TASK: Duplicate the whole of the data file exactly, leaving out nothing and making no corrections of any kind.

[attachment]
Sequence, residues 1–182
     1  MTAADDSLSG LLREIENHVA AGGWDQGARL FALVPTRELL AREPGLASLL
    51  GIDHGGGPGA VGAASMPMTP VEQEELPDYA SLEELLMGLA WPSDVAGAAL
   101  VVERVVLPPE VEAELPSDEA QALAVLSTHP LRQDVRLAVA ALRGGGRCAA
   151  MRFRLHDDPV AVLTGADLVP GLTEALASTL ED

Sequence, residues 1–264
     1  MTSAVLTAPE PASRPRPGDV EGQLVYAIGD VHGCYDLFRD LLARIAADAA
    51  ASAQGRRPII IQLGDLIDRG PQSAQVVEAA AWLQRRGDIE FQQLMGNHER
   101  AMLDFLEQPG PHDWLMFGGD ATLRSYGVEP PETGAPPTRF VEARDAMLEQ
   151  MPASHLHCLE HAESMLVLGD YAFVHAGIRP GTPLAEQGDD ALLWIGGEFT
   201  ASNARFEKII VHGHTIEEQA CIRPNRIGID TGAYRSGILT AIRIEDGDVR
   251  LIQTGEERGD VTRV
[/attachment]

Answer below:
Sequence, residues 1–182
     1  MTAADDSLSG LLREIENHVA AGGWDQGARL FALVPTRELL AREPGLASLL
    51  GIDHGGGPGA VGAASMPMTP VEQEELPDYA SLEELLMGLA WPSDVAGAAL
   101  VVERVVLPPE VEAELPSDEA QALAVLSTHP LRQDVRLAVA ALRGGGRCAA
   151  MRFRLHDDPV AVLTGADLVP GLTEALASTL ED

Sequence, residues 1–264
     1  MTSAVLTAPE PASRPRPGDV EGQLVYAIGD VHGCYDLFRD LLARIAADAA
    51  ASAQGRRPII IQLGDLIDRG PQSAQVVEAA AWLQRRGDIE FQQLMGNHER
   101  AMLDFLEQPG PHDWLMFGGD ATLRSYGVEP PETGAPPTRF VEARDAMLEQ
   151  MPASHLHCLE HAESMLVLGD YAFVHAGIRP GTPLAEQGDD ALLWIGGEFT
   201  ASNARFEKII VHGHTIEEQA CIRPNRIGID TGAYRSGILT AIRIEDGDVR
   251  LIQTGEERGD VTRV